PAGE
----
February 2nd, 2012

Nicholas Kristof’s “Baby Face” Blunder

Nicholas Kristof at the World Economic Forum in Davos in 2010. Photo by Monika Flueckiger/World Economic Forum.

New York Times journalist Nicholas Kristof is revered by the public for his work highlighting humanitarian issues, in particular the plight of women worldwide. Having won two Pulitzer Prizes, his journalistic integrity is fervently defended by his supporters.  However, due to the tenuous grasp that trafficking and prostitution have on the American socio-political arena, the issues at hand are often misunderstood, and his philosophies remain largely unquestioned.  Specifically, in writings which highlight the worst abuses within the sex industry, at times Kristof creates the perhaps unfair characterization that all sex workers are victims.  While he is adept at constructing a compelling narrative for his loyal readers, his writing style and manipulation of statistics distort the public understanding of prostitution.

In Kristof’s January 25 op-ed for the New York Times, he introduces us to a 13-year-old girl, whom he refers to as “Baby Face, because of her looks…” She was forced into selling sex by her pimp, who posted ads to clients on the website Backpage.com. Kristof’s decision to call her “Baby Face” is disconcerting, because it only further victimizes her. While Kristof’s intention was undoubtedly to elicit an emotional response from reader over the young girl’s ordeal, is their outrage worth using a nickname that a pimp or john would have given her? It would have been better to allude to her by some generic name. Instead, Krisof relies on sensationalism to get his point across. The emphasis on her youth reduces her to an object, something she has already endured at the hands of her pimp and the johns he sold her to.

In addition, Kristof quotes Lauren Hersh, a Brooklyn prosecutor who asserts that “The average age where a girl is forced into prostitution is 12 to 14.” This statistic is from a study conducted by the University of Pennsylvania, and the research methodology has proven to be flawed. Emi Koyama, a sex worker activist explains how “[t]he major problem with [this] data is that it is based on survey of minors who engage in prostitution. Since the study does not include anyone who is over the age of 18, it is natural that the average age…at which respondents entered prostitution is below 18.” According to Ronald Weitzer of George Washington University, “[c]ontemporary studies have reported varying percentages of individuals who started selling sex when they were minors. These studies…have documented that only a minority began to prostitute before age 18 and an even smaller percentage before 14.”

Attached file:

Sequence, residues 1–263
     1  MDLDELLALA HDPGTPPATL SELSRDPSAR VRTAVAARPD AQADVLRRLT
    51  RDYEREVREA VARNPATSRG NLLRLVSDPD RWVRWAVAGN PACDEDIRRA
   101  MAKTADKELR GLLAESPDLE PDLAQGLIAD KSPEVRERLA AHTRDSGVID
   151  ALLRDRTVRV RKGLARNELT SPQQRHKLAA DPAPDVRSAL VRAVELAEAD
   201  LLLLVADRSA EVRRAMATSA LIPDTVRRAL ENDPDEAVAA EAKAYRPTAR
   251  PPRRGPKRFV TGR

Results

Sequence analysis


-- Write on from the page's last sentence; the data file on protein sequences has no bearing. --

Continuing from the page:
Obviously, there’s a problem here – Kristof is just one of many journalists that includes the age 12-14 statistic in their articles. This distorted knowledge has become widespread, and the misappropriation of statistics does little to assist those who are truly victims truly in need of assistance because resources are not properly utilized as a result. It only serves to fuel media sensationalism. The prominent use of the Internet in the sex industry is, in part, a consequence of anti-prostiution sentiment. It provides an environment for artifice and deceit, something that those who force individuals into selling sex rely on. While we must obviously do what is necessary to combat those who utilize the internet to force individuals into selling sex, we must also acknowledge that the media needs re-evaluate how they approach the issues arising from the sex industry.

–Caitlyn Garcia

Caitlyn Garcia is a student at William Paterson University, double-majoring in French language & literature and political science.

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